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Kid blows family’s savings on candy

By Claes Bell, CFA · Bankrate.com
Friday, November 9, 2012
Posted: 4 pm ET

People get annoyed about institutions charging them bank fees to access their own money, but bank accounts do have the underrated benefit of making it impossible for a disturbed child to steal your life savings and use it to buy mass quantities of candy.

That's exactly what happened in Ukraine, where a young boy is in deep trouble with his parents. From the Russian News and Information Agency RIA Novosti:

A 9-year-old boy has emptied his parents' piggy bank, spending almost $4,000 on candy in the Ukrainian city of Konotop, the Ukrainian edition of Russia's Komsomolskaya Pravda daily said Wednesday.

A total of $3,300 and 500 euro (about $600) -- the family's entire savings -- went missing from the stash, which was kept hidden under a sofa.

"The disappearance was first spotted by the father, a shift worker who had just returned home," said Tatyana Kushnerova of the local police department. "He opened the stash and saw that it was empty."

After a brief family row, the son admitted stealing the money, saying he wanted to buy some sweets.

During his autumn vacation, the boy took various sums of money from the stash and converted it into Ukrainian hryvnas with the help of an adult acquaintance. The man, who has been diagnosed with a mental disorder, always received the biggest note for his services.

As the boy was unable to eat all the candy he bought, he shared it with friends.

I get a lot of people in the comments section of this blog and on social media threatening to take out their cash and stuff it under a mattress because of insultingly low interest rates, high bank fees, etc. But while the fact that the kid went and blew all this money on candy is kind of funny, this incident illustrates exactly why keeping large amounts of cash around your home rather than in a checking or savings account is a terrible idea.

To get an idea of how much $4,000 is for a Ukranian family, the gross national income per capita in Ukraine is $3,120 a year compared to $48,450 in the U.S., according to the World Bank. In other words, losing that $4,000 probably felt like what an American family would feel in losing $62,115.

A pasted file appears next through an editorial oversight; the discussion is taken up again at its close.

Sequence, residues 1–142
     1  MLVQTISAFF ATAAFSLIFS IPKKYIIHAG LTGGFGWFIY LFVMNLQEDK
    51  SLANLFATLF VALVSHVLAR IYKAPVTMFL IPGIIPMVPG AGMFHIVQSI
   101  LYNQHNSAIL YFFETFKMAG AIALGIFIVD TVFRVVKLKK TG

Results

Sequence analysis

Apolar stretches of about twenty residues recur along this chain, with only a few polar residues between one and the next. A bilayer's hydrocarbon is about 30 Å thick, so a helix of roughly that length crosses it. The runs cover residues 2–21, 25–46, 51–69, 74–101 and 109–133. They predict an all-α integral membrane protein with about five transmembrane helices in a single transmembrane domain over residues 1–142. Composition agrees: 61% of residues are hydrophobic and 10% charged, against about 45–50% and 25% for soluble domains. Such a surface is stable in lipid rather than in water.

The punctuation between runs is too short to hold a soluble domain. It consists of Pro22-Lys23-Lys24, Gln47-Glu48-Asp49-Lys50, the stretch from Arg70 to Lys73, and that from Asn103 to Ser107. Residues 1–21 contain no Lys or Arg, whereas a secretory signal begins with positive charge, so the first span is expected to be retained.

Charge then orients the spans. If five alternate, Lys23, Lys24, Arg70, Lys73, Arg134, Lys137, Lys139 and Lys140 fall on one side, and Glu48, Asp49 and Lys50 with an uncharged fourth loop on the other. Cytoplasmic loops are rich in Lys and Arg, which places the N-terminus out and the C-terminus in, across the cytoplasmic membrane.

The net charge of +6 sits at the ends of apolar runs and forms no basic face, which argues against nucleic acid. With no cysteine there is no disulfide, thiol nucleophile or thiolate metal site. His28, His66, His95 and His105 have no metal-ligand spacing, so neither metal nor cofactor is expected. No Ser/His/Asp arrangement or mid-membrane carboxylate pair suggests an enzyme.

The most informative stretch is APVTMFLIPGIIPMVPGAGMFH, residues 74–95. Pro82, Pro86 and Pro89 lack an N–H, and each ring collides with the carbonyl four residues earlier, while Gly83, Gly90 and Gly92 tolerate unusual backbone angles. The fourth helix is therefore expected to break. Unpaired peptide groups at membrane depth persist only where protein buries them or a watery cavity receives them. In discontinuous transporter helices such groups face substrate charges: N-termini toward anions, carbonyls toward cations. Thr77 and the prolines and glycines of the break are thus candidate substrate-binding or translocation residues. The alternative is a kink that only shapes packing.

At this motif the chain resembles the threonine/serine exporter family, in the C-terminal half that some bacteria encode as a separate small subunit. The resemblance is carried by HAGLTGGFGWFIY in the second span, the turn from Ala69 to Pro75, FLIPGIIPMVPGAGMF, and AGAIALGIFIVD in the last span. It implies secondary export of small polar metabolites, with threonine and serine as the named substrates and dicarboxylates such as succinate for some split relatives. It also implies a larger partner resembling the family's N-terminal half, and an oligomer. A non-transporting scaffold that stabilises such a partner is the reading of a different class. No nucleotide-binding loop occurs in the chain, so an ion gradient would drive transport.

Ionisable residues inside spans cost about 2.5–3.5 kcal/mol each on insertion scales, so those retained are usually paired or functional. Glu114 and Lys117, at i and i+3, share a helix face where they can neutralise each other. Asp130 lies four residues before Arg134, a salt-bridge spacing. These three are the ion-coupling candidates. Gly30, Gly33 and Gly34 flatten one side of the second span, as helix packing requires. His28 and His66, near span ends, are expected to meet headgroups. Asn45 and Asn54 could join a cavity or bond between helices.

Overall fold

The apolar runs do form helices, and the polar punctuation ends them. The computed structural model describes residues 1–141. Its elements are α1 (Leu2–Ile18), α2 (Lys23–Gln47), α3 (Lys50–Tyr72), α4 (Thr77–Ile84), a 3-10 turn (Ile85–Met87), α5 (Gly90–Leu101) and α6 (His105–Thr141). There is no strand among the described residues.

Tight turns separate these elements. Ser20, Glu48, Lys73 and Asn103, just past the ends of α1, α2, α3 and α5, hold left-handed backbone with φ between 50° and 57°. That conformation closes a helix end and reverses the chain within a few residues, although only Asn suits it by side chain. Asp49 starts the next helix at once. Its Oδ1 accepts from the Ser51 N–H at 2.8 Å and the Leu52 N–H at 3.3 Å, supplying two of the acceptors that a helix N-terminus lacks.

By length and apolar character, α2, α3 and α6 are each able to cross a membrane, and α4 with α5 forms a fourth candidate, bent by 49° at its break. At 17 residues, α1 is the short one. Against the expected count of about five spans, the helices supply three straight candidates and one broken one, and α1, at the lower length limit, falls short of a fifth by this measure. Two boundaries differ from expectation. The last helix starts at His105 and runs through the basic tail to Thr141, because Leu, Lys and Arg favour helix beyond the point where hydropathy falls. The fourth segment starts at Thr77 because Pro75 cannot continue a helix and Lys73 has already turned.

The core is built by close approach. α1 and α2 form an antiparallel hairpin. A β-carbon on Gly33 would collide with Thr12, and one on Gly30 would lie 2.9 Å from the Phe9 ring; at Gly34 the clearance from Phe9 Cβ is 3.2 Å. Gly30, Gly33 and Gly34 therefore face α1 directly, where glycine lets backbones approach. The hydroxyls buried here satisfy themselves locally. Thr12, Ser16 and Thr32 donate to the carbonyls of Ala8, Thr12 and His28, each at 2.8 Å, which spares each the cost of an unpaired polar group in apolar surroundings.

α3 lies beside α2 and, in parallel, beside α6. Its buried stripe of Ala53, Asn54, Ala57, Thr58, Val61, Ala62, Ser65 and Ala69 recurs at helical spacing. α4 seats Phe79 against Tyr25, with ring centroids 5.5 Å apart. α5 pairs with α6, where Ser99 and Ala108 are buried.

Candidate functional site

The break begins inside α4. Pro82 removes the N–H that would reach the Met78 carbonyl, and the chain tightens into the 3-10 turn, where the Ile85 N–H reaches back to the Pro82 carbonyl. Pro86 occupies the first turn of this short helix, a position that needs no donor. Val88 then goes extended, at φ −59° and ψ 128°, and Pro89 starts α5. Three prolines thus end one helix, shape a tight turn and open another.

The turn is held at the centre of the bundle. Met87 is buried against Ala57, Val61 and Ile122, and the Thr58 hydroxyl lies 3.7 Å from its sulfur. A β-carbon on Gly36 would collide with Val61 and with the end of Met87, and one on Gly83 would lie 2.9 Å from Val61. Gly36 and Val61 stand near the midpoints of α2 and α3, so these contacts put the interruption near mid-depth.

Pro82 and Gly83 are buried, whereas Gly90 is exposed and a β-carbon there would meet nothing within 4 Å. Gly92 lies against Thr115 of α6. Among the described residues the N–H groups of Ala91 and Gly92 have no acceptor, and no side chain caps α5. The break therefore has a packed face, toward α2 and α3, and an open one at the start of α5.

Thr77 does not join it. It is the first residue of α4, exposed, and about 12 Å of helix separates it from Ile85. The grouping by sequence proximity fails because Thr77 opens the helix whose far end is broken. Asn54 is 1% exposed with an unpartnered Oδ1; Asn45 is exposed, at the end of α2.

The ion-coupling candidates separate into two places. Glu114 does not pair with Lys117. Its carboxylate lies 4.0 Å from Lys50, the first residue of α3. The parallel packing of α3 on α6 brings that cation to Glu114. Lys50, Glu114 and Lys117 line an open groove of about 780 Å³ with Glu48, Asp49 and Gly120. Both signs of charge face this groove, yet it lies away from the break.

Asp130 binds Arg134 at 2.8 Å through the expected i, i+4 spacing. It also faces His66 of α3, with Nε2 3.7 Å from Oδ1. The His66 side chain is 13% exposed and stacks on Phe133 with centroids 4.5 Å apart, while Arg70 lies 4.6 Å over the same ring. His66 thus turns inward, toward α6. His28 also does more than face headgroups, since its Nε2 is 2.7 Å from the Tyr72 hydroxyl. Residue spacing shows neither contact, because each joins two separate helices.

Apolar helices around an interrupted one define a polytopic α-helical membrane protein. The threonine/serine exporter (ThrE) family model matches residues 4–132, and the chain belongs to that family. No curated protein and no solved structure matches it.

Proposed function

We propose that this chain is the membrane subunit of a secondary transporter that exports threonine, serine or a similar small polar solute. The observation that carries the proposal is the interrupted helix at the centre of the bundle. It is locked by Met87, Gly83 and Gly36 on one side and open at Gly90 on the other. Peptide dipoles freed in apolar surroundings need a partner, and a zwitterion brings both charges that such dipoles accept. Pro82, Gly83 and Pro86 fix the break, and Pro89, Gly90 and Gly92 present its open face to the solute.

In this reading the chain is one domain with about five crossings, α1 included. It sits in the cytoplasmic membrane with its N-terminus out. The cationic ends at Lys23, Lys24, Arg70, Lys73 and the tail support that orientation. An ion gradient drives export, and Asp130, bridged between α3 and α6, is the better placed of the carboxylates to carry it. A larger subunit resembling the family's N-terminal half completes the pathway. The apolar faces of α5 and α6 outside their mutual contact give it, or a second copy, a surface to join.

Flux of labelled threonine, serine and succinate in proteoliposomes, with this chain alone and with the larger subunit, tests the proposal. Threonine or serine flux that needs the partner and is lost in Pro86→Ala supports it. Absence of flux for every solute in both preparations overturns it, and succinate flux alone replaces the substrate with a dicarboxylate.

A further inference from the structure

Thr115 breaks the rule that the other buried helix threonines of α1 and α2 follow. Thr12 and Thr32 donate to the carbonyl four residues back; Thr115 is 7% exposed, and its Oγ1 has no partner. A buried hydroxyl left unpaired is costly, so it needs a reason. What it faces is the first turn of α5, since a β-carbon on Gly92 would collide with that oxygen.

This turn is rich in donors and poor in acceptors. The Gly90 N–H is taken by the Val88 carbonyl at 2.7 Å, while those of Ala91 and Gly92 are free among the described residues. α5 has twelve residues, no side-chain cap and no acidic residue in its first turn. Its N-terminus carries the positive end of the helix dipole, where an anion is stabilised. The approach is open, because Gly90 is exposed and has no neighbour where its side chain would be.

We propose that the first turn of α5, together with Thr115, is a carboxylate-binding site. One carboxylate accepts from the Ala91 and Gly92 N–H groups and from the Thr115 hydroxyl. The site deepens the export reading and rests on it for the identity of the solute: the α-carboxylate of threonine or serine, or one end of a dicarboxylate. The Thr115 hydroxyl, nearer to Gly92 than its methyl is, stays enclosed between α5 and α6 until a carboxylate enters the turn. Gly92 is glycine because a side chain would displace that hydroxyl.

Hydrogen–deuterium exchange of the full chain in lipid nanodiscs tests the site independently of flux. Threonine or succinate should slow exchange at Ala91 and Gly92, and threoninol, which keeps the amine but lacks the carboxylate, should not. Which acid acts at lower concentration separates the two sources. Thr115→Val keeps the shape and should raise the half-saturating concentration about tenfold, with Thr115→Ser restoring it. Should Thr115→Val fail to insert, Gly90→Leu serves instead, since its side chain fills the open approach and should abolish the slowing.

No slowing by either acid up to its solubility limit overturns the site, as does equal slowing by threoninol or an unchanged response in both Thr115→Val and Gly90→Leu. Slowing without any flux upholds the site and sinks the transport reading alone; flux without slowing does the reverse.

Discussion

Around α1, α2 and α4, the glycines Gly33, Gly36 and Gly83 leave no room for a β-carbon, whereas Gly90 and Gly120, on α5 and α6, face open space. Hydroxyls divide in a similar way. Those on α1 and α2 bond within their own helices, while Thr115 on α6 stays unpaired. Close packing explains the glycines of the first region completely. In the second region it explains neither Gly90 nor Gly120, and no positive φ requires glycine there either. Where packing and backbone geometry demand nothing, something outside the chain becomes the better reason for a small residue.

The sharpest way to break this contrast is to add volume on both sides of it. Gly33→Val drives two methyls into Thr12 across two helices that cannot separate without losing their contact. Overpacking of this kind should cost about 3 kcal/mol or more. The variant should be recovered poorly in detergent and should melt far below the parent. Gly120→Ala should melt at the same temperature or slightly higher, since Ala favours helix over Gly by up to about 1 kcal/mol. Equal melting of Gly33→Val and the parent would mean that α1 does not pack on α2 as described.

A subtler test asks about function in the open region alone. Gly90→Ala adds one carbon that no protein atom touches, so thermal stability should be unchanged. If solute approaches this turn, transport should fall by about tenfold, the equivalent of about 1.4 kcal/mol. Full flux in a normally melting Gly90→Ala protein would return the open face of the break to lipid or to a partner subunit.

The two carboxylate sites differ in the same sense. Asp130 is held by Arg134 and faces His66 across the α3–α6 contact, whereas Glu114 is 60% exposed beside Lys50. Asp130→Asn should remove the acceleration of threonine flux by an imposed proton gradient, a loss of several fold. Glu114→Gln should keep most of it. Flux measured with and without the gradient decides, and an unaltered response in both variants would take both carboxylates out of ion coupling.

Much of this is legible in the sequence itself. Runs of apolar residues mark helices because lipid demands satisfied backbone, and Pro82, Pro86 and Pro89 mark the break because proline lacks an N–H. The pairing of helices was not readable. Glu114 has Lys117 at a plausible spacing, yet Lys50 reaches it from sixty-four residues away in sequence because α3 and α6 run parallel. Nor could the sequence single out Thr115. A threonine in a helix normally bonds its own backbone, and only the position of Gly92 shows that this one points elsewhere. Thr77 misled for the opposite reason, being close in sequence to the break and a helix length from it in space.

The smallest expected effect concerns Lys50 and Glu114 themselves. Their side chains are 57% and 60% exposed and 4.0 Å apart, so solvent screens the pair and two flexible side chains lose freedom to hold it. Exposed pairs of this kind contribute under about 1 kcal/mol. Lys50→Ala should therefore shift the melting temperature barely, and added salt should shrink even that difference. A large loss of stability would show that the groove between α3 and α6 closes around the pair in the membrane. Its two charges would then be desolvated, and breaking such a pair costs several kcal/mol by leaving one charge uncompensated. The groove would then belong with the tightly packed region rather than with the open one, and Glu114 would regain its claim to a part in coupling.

Now, I'm sure the family had some good reasons for keeping the money in cash. Ukraine is experiencing massive inflation of around 10 percent annually right now, so the family was probably keeping its money in hard-currency euros to avoid that.

But whatever reasons that you have for keeping a large amount of cash in your home, it's important to remember that in doing so, you're risking a total loss. After all, when it comes to money, all it takes is one family member or friend who knows about your stash to succumb to temptation for that cash to be gone.

What do you think? Have you ever lost a stash of cash? Did you wish afterward it had been sitting in a bank instead?

Follow me on Twitter: @ClaesBell.

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125 Comments
memp10
January 08, 2013 at 10:36 am

This story reminds me of something that happened to one of my friends when we were in college. She was a single teen mother of a toddler so she had to both worked and attended school full time. Needless to say she had her hands full and was always really tired. She had gotten off from work early one morning and withdrew her savings to pay for the following semester's tuition (that she was planning to pay later that day). She was so tired that she dozed off (accidentally) while watching her son, who was teething at the time. When she awoke she discovered that he had chewed up all of her money.

Roger
January 07, 2013 at 11:55 pm

So, maybe a locked safe then? At least the only person with access to steal the money is the kid. Put your money in the bank and you've got the world of hackers and cyber thieves to contend with. Sure, I keep my meager sums in a bank. Much more convenient. But if I cared that much about keeping my money safe from robbers, 2" of lead walls and a Smith and Wesson is all I need.

Dorothy Zeisneiss
January 07, 2013 at 11:25 pm

The father had to be devastated. That was a huge loss for the family.
It's not at all funny. As for his son, obviously there are issues
that he has and who are we to comment when we aren't familiar with
the persons involved? I do hope that punishment wasn't too tough on
the boy as well.

1972 Maverick
January 07, 2013 at 10:57 pm

It"s sad that so many think this is funny. Of course the parents were foolish for putting the money where they did, but then too none of us here in the USA know what it's like to live in the Ukraine. Most teen-age / young adults in America have cell phone accounts that cost what this family lost ! I truly hope that our economy turns around here in the US,otherwise there's alot of young adults that aren't going to be able to live without all the luxuries they have become accustomed to.
Sure, laugh at the plight of this family, but could you imagine losing your savings that you were hoping to use to go on vacation with ? Probably not.

GeordieKin
January 07, 2013 at 9:44 pm

Wow...and to think I was punished for taking $1 for candy when I was little. Seriously though I'm sure the parents were both angry and saddened at the money being gone, hopefully the repercutions weren't to bad for the boy.

FWard
January 07, 2013 at 8:15 pm

Way to think big kid… Enjoy the diabetes.

adarc
January 07, 2013 at 6:50 pm

Of course Ukrainian banks are necessarilly insured the way American banks are either...

chris
January 07, 2013 at 5:30 pm

imagine if he ends up with a dozen or more cavities and has to pay a ridiculous amount at the dentist to get it fixed o_O

420 stoner all day
January 07, 2013 at 12:39 pm

Man give the kid a break he was hungry with the munchies and wanted some food. big fing deal.

Claes Bell
January 07, 2013 at 11:59 am

Fixed... thanks!